What is neuroplasticity Children motor development and learning

What is neuroplasticity? Children motor development and learning

Refer to our motor development stages blog post before reading this neuroplasticity blog post.

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Every time Phoebe picks up a blueberry or piece of food from her high chair tray she learns from her previous motor skill mistakes. Her brain adjusts her next move so that she has less chance of making the same mistake again. This
pattern of learning helps Phoebe to make coordinated movements while eating --> dropping and squishing less blueberries with the more practice that her brain and body experiences.

Every workshop that I run I explain the process of neuroplasticity (learning or
refining a new skill) by explaining the process of making a daisy chain. Imagine the process of making a daisy chain, connecting each daisy link by link. The flower bud of the daisy chain refers to the 'computer system' section of our neurons. The branch of the daisy chain refers to the branches of our neurons. These branches connect one neuron to the next, to the next, to the next.

Just like building a daisy chain, the more you practice, the longer the daisy chain or neural pathway becomes. Every time Phoebe makes a mistake and drops a blueberry, her eyes and hands tell her brain that she has made an error and her brain and body adjusts her next move with a small change in technique, force, speed, etc. Phoebe's brain is building another daisy link, or another neural (nerve) pathway with every error (dropping or squishing the blueberry) that she makes. The more Phoebe practices this skill, the stronger her neural pathway becomes (the longer the daisy chain), until her movements are more accurate and smooth.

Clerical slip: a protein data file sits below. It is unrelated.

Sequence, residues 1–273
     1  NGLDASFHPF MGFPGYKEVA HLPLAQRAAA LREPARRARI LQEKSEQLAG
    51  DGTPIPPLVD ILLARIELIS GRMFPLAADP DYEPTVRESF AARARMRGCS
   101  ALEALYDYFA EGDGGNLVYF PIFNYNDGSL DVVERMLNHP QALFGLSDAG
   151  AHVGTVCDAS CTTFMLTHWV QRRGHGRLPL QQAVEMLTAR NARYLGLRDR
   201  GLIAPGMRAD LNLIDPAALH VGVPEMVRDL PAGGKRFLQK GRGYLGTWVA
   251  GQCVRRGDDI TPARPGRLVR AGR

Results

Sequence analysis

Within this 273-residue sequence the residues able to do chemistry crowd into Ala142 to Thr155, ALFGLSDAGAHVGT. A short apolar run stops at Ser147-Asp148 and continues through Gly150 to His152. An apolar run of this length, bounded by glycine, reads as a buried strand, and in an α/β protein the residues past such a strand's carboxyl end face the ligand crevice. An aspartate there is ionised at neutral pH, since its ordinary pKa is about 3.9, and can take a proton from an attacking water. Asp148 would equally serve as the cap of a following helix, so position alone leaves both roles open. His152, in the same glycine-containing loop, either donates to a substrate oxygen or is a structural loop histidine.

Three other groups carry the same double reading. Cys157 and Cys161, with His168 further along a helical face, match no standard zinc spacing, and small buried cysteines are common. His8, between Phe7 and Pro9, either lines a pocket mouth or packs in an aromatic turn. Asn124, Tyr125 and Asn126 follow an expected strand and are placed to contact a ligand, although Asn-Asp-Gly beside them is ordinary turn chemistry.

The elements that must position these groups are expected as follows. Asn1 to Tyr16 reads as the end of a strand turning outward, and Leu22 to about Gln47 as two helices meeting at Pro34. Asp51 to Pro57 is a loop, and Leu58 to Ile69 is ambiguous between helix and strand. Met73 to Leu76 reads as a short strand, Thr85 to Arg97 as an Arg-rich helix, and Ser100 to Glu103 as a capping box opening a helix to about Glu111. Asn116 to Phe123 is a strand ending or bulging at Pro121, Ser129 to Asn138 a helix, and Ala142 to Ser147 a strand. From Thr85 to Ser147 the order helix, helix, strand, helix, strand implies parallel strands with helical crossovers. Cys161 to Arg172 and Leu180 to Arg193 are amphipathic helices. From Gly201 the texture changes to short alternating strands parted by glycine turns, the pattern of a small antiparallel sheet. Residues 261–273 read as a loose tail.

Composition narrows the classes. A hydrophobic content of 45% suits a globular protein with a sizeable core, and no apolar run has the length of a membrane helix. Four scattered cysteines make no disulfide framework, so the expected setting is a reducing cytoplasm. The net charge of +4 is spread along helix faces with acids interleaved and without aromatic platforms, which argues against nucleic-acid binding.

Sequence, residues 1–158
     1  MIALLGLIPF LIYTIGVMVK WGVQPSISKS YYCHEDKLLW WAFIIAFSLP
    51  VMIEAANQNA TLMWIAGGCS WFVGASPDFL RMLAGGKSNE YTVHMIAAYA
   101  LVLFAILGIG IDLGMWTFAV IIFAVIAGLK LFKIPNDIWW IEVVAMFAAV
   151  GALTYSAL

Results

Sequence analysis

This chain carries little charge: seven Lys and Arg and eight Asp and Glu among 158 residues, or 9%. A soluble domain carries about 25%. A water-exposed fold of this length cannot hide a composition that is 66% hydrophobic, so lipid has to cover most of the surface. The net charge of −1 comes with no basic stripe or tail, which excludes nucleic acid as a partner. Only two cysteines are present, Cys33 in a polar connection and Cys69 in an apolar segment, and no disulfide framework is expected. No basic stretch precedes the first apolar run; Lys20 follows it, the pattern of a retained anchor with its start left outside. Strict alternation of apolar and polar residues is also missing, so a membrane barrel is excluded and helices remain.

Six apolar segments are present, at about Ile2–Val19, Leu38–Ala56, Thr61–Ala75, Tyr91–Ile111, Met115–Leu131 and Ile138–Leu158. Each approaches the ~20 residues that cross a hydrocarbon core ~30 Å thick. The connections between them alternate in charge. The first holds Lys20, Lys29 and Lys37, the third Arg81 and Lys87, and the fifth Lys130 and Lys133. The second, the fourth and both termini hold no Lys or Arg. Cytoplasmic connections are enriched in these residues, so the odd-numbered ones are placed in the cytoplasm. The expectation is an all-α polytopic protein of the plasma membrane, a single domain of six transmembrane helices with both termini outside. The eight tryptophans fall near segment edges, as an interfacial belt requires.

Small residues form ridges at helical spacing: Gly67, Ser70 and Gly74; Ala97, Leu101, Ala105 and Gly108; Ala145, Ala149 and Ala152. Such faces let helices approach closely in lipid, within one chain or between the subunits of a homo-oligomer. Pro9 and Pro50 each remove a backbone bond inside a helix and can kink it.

Who is building the daisy chain?

neuroplasticity developmental milestones

When I work with parents who are finding it frustrating to get their children to follow instructions or complete an every day task independently, I observe a similar theme. The mum or dad is telling the child; 'put your shoes on', 'eat your toast', 'sit down', etc. When the child doesn't respond quick enough, the parent puts their shoes on for the child, hand/spoon feeds the child, or sits the child on their lap instead of waiting for the child to complete the task without parental involvement.

A parent who is trying to support and help their child is actually creating their own daisy chain (neural pathway) for these skills. Although their child is involved in the process, unless the child physically does these actions themself, their daisy chain isn't growing longer. The child's brain isn't getting any closer to developing the motor skill independently, until these motor skills are given the opportunity to make mistakes, refine, and practice, over and over again.

As messy as eating blueberries can be, at some stage each child needs to be able to have the opportunity to practice each skill so that they can make as many mistakes as their brain and body needs, with the ultimate goal being --> be able to complete the activity independently in a smooth and coordinated manner. Until the child makes mistakes, watches and feels their mistakes, they are unable to become independent in that skill. So my advice is to always imagine whether you would still want to be putting the child's shoes on in 6 months time?

 

Learn more about child developmental milestones and how children learn motor skills in our Early Learning Training Manual - click here